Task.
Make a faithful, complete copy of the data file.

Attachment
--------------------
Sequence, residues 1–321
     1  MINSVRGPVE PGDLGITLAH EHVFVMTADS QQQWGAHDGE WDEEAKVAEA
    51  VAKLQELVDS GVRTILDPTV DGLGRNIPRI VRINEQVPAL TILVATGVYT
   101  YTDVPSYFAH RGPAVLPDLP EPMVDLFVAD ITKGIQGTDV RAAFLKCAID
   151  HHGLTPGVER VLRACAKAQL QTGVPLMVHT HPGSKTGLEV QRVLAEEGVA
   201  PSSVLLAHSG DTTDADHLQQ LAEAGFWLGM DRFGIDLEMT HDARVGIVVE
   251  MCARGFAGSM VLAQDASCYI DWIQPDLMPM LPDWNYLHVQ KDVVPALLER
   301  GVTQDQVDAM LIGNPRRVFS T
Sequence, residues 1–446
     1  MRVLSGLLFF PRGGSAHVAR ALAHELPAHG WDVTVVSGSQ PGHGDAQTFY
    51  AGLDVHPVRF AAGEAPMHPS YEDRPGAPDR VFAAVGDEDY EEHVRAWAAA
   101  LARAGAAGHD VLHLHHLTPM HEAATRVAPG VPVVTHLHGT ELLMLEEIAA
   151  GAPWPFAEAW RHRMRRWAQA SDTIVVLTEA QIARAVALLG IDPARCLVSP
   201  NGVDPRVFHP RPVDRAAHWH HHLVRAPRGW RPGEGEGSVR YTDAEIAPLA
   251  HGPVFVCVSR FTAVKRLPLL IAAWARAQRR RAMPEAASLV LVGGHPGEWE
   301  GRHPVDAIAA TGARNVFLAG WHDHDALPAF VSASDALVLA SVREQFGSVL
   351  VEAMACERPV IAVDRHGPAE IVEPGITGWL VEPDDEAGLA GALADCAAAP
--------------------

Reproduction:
Sequence, residues 1–321
     1  MINSVRGPVE PGDLGITLAH EHVFVMTADS QQQWGAHDGE WDEEAKVAEA
    51  VAKLQELVDS GVRTILDPTV DGLGRNIPRI VRINEQVPAL TILVATGVYT
   101  YTDVPSYFAH RGPAVLPDLP EPMVDLFVAD ITKGIQGTDV RAAFLKCAID
   151  HHGLTPGVER VLRACAKAQL QTGVPLMVHT HPGSKTGLEV QRVLAEEGVA
   201  PSSVLLAHSG DTTDADHLQQ LAEAGFWLGM DRFGIDLEMT HDARVGIVVE
   251  MCARGFAGSM VLAQDASCYI DWIQPDLMPM LPDWNYLHVQ KDVVPALLER
   301  GVTQDQVDAM LIGNPRRVFS T
Sequence, residues 1–446
     1  MRVLSGLLFF PRGGSAHVAR ALAHELPAHG WDVTVVSGSQ PGHGDAQTFY
    51  AGLDVHPVRF AAGEAPMHPS YEDRPGAPDR VFAAVGDEDY EEHVRAWAAA
   101  LARAGAAGHD VLHLHHLTPM HEAATRVAPG VPVVTHLHGT ELLMLEEIAA
   151  GAPWPFAEAW RHRMRRWAQA SDTIVVLTEA QIARAVALLG IDPARCLVSP
   201  NGVDPRVFHP RPVDRAAHWH HHLVRAPRGW RPGEGEGSVR YTDAEIAPLA
   251  HGPVFVCVSR FTAVKRLPLL IAAWARAQRR RAMPEAASLV LVGGHPGEWE
   301  GRHPVDAIAA TGARNVFLAG WHDHDALPAF VSASDALVLA SVREQFGSVL
   351  VEAMACERPV IAVDRHGPAE IVEPGITGWL VEPDDEAGLA GALADCAAAP